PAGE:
Every month an industry leader wraps up MCV/DEVELOP with their unique insight. This month we talk to Richard Jolly, co-founder & CEO of Splash Damage
You‘ve been CEO at Splash Damage for almost two years now, what’s your vision for the studio?
When we founded the studio almost 20 years ago. We didn’t know much about values, vision, or pillars, but we knew we wanted to make games that allowed people to make friends online, just as we had. That’s now our studio mission: ‘We create lifelong friendships through multiplayer games’.
But that means something different now. We realised that people were building lifelong friendships at Splash Damage while making our games. That was a lightbulb moment for us; we realised that we have a huge responsibility, not only to the amazing IP we work on, or our partners, or even our fans but to the people who work here.
That vision of creating friendships has informed so much in my 20 years at Splash, but especially the past two as CEO. Our teams have worked to build an amazing culture, and the last two years have really seen a drive to make Splash Damage more progressive, diverse, and welcoming. I wish I could take credit for it, but in truth, I just got out the way and empowered those in the know.
You’ve worked on some huge IPs owned by others, what’s your advice for such successful partnerships?
This is going to sound weird, but being a huge nerd helps!
We’ve been fortunate enough to have worked on some big IPs; Batman, Halo, Gears, etc, and the one thing that all of those projects had in common was our love of that IP.
This goes back to our origins as well, of working on Doom, Quake and Wolfenstein, we grew up playing these games. Quake was my true first experience of playing online albeit on a rickety 56K modem, so of course we’d jump at the opportunity to work on it.
That’s one part. The second is about understanding your partner. What’s important to them? How do they work? Where do they want to take the IP? I know it sounds like I’m teaching people to suck eggs, but being clear and communicating well are so important to any successful relationship, business or otherwise. And I guess, most importantly remembering that each big IP will already have existing fans, so do your homework and treat them with respect.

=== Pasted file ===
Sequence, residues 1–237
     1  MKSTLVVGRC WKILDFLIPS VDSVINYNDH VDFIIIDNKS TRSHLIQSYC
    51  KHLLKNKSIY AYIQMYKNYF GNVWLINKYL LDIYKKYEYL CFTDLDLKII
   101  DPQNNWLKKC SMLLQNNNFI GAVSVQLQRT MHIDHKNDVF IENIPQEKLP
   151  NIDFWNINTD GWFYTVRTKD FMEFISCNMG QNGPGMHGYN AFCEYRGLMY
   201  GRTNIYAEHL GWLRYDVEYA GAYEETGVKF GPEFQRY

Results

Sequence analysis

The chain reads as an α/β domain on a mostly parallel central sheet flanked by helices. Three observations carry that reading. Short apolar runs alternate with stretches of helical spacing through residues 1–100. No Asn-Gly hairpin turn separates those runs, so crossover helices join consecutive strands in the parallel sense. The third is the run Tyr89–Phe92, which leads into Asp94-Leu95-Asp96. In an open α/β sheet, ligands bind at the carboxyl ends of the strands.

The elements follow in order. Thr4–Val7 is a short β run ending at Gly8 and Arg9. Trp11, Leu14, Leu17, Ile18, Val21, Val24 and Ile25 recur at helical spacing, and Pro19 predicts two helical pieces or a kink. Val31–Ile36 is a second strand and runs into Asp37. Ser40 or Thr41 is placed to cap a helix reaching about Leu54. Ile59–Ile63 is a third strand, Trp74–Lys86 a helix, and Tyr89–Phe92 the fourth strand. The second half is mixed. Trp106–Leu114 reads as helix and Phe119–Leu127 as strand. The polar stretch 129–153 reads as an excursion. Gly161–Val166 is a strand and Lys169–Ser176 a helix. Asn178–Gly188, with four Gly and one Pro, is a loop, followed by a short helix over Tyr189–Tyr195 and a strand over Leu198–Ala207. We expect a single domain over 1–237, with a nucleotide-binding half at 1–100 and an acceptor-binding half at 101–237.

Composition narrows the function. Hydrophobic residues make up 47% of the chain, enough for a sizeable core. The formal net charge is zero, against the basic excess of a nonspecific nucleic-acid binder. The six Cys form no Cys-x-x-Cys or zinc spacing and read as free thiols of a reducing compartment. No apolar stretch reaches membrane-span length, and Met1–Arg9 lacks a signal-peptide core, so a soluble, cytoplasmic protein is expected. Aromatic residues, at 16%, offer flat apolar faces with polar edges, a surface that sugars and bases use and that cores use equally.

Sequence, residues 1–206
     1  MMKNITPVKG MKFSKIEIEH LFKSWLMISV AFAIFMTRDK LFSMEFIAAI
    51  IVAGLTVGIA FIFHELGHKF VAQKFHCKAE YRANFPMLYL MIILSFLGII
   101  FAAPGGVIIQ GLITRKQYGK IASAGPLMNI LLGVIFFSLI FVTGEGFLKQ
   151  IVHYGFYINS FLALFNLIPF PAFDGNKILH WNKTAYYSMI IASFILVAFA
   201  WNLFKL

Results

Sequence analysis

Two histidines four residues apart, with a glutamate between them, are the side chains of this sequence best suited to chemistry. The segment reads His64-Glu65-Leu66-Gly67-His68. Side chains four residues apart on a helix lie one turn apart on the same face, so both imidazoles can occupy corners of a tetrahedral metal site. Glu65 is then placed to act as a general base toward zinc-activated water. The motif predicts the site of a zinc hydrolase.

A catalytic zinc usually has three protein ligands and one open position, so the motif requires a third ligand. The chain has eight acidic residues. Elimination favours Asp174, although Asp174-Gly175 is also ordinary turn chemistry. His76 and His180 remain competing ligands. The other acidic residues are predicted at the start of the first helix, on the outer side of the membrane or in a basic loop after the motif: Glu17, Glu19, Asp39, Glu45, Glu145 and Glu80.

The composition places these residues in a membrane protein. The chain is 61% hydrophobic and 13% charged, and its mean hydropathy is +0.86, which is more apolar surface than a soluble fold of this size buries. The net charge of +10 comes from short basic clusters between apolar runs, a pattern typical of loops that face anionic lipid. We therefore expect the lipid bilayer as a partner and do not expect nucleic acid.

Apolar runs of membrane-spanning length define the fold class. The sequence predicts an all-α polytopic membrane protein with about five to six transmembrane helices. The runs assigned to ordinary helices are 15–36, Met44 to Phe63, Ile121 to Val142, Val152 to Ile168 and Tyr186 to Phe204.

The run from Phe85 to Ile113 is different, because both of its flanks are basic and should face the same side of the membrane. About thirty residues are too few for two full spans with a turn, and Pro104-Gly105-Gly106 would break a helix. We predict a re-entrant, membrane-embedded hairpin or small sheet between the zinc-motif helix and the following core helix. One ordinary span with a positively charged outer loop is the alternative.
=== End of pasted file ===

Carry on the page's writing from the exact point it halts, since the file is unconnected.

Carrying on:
With respect to your current role, what is/was your dream job?
Much to my dad’s horror, two years into my architecture degree, I chose to switch to one focused on games (the first in the world at the time). Given the choice I would have always chosen games, but back then it wasn’t the known career path it is today.
There is no greater freedom than building games where the laws of physics need not apply, but I still have a passion for designing ‘physical’ environments all the same.
So while our teams are all fully working remotely, we’re taking the opportunity to redesign parts of the studio. I’m currently getting under the feet of our facilities team helping to rebuild our breakout spaces to create a great environment for everyone to come back to.
What are the biggest challenges today in the games industry?
How much time do you have? Brexit, the impact of COVID on development, issues around abuse and harassment, a lack of diversity, poor representation from poorer economic backgrounds, sustainable development, preservation of gaming history… the list is long.
I’m not an expert in lots of these areas, but what I can do is use my position for good. I can empower the right people to make the right changes. To give them the support and resources they need to help make a difference.